THE first full week of July 2003 saw Highworth shopkeepers alerted to a fraud.

Only coin collectors and people with long memories were immune to it.

“Coins commemorating the Queen’s Silver Jubilee,” we said, “are being mistaken for £5 coins.

“So far staff at the town’s new Co-op store and the post office have reported finding them in their tills at closing times.”

Millions of the coins, known as crowns, had been issued in 1977 to mark the 25th anniversary of Her Majesty’s accession to the throne.

They were intended as souvenirs - many were handed out alongside commemorative mugs by the organisers of street parties - but had a legal tender value of 25 pence.

Problems arose in later years when identically-sized £5 coins, also legal tender, began to be issued to mark other royal events.

Enterprising criminals either searched their own cupboards for the coins or bought them cheaply from dealers before trying to pass them off as worth £5.

In Highworth’s Co-op, one fraudster handed over a dozen, worth a total of £3, to pay a £60 bill.

Local police officer Mike Armishaw warned shopkeepers: “It is an easy mistake to make because the coins do look so much like £5 coins. But in reality they are only worth about 25p to a collector. Even the real £5 coins aren’t that common, so people wouldn’t necessarily know what they looked like.”

Still in the realm of crime, we ran a confusing and rather alarming photo with a story about a particularly nasty bout of vandalism.

It showed a headless child about to throw a ball to a dog, both of them seemingly unaware that a man was kneeling in the background and holding the child’s head in his hand.

A second glance revealed that the child and dog were a poignant memorial at the Radnor Street cemetery in Kingshill, and that the man was respected and very angry local councillor Michael Barnes.

“This is sickening, mindless vandalism,” he said. “These people are coming here with the intention of causing damage.

“Security needs to be reviewed urgently, and we should also do more to make the gravestones safer.”

We visited the cemetery and described what we found: “Memorial crosses had been kicked over and statues broken.Vandals had smashed the head off a statue at the grave of a 14-year-old girl killed in a cycling accident in 1938.

“In another incident, a memorial cross had been kicked over and was lying across a grave.”

On a happier note, the Swindon area’s newest and perhaps most tranquil visitor attraction was about to open.

We said: “In February, the Studley Grange Butterfly Farm was little more than a building site inside two large greenhouses.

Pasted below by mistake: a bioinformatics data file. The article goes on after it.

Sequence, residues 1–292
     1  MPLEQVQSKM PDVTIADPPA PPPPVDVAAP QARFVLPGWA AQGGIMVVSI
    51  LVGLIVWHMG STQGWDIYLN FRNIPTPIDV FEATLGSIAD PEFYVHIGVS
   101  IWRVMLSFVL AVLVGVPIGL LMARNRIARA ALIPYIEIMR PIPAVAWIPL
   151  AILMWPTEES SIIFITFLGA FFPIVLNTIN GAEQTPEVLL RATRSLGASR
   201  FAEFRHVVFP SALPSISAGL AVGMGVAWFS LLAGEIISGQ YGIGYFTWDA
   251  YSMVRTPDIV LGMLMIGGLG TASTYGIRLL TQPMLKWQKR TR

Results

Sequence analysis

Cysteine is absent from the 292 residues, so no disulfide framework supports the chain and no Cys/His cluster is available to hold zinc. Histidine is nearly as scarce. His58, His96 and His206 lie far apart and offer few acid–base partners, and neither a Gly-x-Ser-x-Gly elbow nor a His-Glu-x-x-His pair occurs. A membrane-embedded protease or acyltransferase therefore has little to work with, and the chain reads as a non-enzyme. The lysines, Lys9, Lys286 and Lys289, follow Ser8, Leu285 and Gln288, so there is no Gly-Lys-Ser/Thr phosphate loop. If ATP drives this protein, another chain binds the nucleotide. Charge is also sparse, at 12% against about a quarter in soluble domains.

“Now it’s ready for visitors, featuring a tropical climate, and resembles a distant paradise of exotic plants and hundreds of butterflies from more than 50 different species.

“The butterfly farm, which is located at the rear of the Blooms of Bressingham Garden Centre, will be one of the largest in the country.”

Manager Luke Brown was at pains to point out that all specimens were captive bred as opposed to having been taken from the wild.

The attraction still thrives a decade and a half later.

A Swindon community activist who worked tirelessly to rid a neighbourhood of vice received a People of Wiltshire Good Neighbour Award.

Matt McCue, who chaired the Broad Street Community Council, set up a voluntary organisation called Street Watch in a bid to drive prostitutes, their pimps and their clients from the area.

The clients had been a particular problem, as they cruised the area in cars and propositioned local women and sometimes girls.

Volunteers monitored the streets and supplied the police with lists of registration numbers.

Mr McCue, who died the following year aged just 52, said: “Every time I go out with Street Watch we see the difference it’s made to the area.”

That week in 2003 also saw the opening of a murder inquiry following a mysterious and tragic death the previous week.

Stephen Hilder, 20, an Army cadet at the Defence Academy in Shrivenham, fell 13,000 feet to his death when his parachute failed during a skydiving championship near Brigg in Lincolnshire.

Having established that both his main and reserve parachutes had been tampered with, detectives embarked on a months-long search for possible motives, but nothing convincing could be found.

This left only the suggestion that he had sabotaged his own equipment, but none of the people closest to him had noticed anything to suggest he was contemplating suicide.

Nor was there forensic evidence that he had damaged the parachutes himself.

An inquest eventually recorded an open verdict, but the case remains a tragic enigma.